Last September I reviewed a book entitled When Sparks Fly by Helena Hunting. (  When I started reading Starry Eyed Love, I was confused. It sounded so much like a book I had read but not exactly like it. It took me a minute to connect that this book was a sequel to When Sparks Fly. In the first book, we learned about Avery Spark and her love life. In the new book (to be published on May 10, 2022) London Spark, the middle sister is the center of attention.

London Spark has just ended a relationship that she didn’t feel was going to go anywhere. She and her sisters are in a bar talking when a handsome stranger makes a pass at London. She is not interested and shoots down the guy telling him that she just broke up with someone and is not interested.

Months pass. London gets a call from a large corporation asking for a meeting. It seems that the corporation would like to connect small firms with other firms interested in doing business in an ecologically sound manner. London is the business administrator of Spark House, the small inn that she and her two sisters run, and sees this as a big opportunity. She goes to the meeting and while she is talking to some of the corporate representatives, the CEO of the company, Jackson Holt, walks into the meeting and starts asking her a lot of questions. The guy looks familiar, but she can’t place him.

Of course, he ends up being the guy who hit up on her in the bar a few months before. There is a definite attraction there but since they are going to work together on a project, he knows he can’t act on the attraction. Thus begins a series of misunderstandings between the two of them.

While London loves working with her sisters, she is not exactly comfortable with her role as business administrator for the Inn. She has an Etsy company where she makes and sells floral arrangements and that is much more her love. How long can she continue to give up what she loves to work with her sisters?

I liked this book more than I liked the first book. If you are looking for a light read, this could be your book. There are plenty of conflicts both romantic and with her work life to keep it moving along. I also (which will come as a shock to those who know my feelings on reading books in order) don’t think you need to have read the first book to know what is going on in this book. (I was given a copy of this book in exchange for an unbiased review.) (Phew! I almost forgot the disclaimer.)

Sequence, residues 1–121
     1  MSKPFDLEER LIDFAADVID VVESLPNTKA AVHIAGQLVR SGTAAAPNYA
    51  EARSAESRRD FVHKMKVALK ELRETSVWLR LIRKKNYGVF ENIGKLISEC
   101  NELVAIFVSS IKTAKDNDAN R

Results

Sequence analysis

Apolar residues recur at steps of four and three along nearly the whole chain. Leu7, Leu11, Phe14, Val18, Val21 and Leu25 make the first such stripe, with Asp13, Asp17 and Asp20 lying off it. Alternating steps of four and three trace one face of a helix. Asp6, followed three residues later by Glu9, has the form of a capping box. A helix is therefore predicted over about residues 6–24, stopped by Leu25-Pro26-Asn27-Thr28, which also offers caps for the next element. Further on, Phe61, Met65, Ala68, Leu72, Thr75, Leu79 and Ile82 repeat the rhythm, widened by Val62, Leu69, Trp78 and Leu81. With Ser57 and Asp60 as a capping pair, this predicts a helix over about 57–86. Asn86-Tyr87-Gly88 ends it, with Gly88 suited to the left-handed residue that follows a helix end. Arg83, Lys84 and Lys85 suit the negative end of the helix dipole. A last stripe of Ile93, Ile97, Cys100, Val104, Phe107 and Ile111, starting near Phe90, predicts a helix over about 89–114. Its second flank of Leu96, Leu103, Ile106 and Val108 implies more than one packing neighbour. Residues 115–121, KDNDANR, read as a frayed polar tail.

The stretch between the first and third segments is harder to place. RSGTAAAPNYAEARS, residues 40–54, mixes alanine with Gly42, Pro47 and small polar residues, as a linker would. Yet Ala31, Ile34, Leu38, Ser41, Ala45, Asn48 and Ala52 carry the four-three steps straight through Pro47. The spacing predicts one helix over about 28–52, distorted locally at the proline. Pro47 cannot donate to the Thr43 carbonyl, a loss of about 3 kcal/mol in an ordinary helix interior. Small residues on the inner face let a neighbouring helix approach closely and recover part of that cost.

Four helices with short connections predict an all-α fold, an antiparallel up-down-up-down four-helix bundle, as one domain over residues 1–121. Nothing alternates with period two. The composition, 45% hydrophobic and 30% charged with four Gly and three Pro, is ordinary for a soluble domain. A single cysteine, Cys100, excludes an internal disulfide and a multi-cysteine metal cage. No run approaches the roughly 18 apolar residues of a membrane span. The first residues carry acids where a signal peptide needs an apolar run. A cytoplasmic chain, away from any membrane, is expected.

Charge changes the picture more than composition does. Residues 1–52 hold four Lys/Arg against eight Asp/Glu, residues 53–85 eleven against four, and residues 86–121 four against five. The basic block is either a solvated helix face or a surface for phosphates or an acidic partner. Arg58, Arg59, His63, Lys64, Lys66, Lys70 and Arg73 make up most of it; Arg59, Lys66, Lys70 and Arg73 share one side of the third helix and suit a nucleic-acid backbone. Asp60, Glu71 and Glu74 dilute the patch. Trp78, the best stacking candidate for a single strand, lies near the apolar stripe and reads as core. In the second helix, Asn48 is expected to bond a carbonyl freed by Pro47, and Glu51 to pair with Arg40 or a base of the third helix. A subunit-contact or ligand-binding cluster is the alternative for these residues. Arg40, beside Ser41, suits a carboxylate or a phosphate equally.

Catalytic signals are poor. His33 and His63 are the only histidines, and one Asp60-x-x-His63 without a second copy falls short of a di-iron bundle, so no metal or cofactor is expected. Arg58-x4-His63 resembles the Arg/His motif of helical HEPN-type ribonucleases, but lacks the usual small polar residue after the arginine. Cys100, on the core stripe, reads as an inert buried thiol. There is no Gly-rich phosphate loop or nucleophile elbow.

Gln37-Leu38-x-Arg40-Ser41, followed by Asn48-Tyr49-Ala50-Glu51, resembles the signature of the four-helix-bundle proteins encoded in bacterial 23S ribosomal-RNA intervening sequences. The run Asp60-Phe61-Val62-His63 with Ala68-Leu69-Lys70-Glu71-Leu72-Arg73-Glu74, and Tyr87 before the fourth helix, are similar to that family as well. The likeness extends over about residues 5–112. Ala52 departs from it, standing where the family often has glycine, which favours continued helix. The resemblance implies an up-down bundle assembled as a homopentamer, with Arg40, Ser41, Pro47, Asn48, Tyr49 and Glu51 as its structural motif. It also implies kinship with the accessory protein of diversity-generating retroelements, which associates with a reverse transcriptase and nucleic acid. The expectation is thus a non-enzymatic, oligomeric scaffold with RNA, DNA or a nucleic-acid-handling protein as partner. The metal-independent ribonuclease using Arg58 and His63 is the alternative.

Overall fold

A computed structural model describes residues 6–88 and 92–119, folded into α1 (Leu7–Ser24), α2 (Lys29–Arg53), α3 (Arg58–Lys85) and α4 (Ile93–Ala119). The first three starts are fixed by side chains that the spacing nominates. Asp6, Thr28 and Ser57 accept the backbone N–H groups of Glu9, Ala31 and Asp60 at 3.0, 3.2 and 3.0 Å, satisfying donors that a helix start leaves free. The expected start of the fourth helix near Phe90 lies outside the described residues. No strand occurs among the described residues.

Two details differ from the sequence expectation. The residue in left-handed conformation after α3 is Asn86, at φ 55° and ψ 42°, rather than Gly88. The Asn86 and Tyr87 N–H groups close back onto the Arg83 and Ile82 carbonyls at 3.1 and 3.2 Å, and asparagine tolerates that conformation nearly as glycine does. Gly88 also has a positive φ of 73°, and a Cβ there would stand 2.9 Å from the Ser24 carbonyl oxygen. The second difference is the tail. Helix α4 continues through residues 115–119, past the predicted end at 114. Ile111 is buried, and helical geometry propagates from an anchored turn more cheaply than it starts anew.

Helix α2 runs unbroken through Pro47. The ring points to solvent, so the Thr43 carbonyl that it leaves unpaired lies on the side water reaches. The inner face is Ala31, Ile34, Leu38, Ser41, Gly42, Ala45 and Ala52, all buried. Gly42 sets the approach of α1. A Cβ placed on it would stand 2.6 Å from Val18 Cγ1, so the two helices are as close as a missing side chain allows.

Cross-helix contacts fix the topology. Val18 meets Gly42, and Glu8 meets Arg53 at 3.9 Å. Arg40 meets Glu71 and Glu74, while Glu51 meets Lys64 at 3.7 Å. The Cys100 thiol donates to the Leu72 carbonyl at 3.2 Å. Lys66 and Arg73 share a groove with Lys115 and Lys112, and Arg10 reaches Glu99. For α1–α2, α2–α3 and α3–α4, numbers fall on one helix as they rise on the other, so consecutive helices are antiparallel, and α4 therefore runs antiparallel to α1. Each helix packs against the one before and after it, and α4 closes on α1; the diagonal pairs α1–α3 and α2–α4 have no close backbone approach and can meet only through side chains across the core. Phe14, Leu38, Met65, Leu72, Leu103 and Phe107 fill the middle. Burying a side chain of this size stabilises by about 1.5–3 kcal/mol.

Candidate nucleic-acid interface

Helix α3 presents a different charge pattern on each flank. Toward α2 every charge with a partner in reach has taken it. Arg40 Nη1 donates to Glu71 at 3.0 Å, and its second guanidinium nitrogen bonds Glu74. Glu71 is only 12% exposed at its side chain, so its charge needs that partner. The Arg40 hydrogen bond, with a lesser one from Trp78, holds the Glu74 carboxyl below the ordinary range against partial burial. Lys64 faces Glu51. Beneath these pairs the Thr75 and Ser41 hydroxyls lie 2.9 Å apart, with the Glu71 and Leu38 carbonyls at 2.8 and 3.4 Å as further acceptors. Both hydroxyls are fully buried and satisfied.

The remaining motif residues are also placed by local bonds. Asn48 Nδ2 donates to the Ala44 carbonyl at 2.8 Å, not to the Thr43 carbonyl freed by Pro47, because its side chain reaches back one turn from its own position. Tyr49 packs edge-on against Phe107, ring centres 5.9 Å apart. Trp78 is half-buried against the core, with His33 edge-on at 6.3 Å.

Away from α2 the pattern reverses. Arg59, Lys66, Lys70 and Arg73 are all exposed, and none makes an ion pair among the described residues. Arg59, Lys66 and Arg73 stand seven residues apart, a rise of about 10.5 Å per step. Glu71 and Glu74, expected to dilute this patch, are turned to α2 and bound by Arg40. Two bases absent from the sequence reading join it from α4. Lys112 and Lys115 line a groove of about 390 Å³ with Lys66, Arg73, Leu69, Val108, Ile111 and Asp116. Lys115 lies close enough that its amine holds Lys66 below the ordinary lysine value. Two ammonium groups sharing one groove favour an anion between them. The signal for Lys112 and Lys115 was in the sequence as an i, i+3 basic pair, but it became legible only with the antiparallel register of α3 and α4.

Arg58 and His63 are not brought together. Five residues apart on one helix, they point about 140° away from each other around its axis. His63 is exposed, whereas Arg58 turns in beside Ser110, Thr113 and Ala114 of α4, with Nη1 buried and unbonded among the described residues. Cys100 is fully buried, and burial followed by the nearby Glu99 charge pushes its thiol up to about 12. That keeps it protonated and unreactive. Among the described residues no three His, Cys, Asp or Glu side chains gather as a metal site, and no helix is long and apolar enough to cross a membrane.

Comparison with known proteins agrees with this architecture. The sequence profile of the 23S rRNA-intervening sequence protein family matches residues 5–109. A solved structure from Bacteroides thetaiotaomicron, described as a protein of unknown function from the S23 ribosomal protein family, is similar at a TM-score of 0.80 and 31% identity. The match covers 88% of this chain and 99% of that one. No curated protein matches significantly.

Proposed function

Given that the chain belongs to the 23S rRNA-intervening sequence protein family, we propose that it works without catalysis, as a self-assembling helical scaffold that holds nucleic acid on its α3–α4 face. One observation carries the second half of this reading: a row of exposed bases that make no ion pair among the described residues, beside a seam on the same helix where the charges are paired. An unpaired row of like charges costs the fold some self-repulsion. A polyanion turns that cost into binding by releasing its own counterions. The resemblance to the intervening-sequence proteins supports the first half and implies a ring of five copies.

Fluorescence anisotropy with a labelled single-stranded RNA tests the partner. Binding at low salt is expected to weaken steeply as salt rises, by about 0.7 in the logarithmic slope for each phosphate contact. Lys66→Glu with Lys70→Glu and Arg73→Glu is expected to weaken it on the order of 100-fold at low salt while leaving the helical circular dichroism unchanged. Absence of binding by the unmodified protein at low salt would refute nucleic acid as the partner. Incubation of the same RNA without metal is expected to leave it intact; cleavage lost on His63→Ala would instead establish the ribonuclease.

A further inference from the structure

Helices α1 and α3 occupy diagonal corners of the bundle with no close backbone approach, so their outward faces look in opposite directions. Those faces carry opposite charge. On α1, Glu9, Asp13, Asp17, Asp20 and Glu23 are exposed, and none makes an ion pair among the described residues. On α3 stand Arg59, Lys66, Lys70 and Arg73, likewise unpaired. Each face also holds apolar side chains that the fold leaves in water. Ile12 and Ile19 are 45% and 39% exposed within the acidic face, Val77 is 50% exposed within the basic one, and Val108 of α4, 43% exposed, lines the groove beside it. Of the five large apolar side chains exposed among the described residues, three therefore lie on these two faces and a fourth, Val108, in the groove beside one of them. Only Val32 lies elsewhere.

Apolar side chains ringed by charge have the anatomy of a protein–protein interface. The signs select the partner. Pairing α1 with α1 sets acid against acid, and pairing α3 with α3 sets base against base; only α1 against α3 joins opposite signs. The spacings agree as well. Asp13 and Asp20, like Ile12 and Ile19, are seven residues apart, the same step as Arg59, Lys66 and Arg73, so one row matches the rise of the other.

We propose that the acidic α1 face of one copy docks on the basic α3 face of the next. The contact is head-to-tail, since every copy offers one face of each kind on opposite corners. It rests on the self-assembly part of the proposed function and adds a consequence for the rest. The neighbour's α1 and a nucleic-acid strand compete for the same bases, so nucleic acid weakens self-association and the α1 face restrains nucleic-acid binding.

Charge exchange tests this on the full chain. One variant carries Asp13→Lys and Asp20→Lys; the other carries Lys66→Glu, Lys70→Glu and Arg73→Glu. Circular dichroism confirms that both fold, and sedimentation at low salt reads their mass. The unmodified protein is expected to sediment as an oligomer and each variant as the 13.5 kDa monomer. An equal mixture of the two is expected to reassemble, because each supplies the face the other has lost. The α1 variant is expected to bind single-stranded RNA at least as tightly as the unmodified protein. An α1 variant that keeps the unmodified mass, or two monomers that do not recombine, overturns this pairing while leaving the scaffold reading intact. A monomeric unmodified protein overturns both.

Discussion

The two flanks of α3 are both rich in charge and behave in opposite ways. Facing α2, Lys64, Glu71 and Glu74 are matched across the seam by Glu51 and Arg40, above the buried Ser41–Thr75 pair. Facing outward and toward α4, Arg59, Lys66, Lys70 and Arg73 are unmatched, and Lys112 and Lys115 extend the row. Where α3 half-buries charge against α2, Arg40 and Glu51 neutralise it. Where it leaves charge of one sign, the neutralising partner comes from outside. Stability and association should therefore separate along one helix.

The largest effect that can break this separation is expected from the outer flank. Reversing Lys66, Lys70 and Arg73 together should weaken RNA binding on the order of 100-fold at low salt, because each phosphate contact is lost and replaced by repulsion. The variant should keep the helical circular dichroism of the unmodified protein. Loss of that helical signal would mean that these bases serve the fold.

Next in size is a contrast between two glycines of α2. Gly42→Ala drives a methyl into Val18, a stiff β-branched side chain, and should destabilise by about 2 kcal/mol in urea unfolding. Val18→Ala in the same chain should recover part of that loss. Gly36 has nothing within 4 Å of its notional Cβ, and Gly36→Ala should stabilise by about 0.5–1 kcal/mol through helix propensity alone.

Thanks for reading!

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I Called Her Mary: A Memoir by Margaret M. O’Hagan and Thomas A Gorman, Ed.D.

Dear Fellow Reader,

Valentine’s Day is coming. A day that is dreaded by many and thought of as fun by others. Valentine’s Day is a day to celebrate love.

Well, I have a story for you that is all about love. Not wildly romantic love (although there is some romantic love in the story) but it tells of many kinds of love. You read about the love for parents for their children, the love between those children, the love of a mother for a child and the sacrifices that a mother will make for her child, and the love that children can have for their parents.

In I Called Her Mary, we meet Margaret O’Hagan. Margaret grew up poor in Ireland. She was born in 1937 and was the third of seven children. While not physically expressive of their love for each other, they nonetheless showed love in their actions and support.

My parents loved each other. They were very kind and their love carried over to all of us. We didn’t have much in the way of material things, but we had love. What else could a family possibly need? We must have been pretty stupid to be so happy in our squalor, but us kids didn’t know any better. We laughed every night and had so much fun together. It doesn’t really take that much to have a good time, especially when you have nothing.

I Called Her Mary

When Margaret was 18, she felt funny one day and the doctor came and checked on her. He told her and her mother that she was pregnant – 7 months pregnant. There were not many options for an unwed pregnant girl in Ireland back in 1955. Two weeks after the doctor’s announcement, Margaret was on her way to Sean Ross Abbey, a convent run by the Sisters of the Sacred Heart of Jesus and Mary. There she stayed until the birth of her baby. Mary (as Margaret named her) was born on April 24, 1955. Margaret was sure that her parents would come and get her and the baby. The nuns told her that they wouldn’t. But they did. Margaret went home with Mary and despite the sigma of their daughter having a child out of wedlock, they supported her. They loved both Margaret and her baby.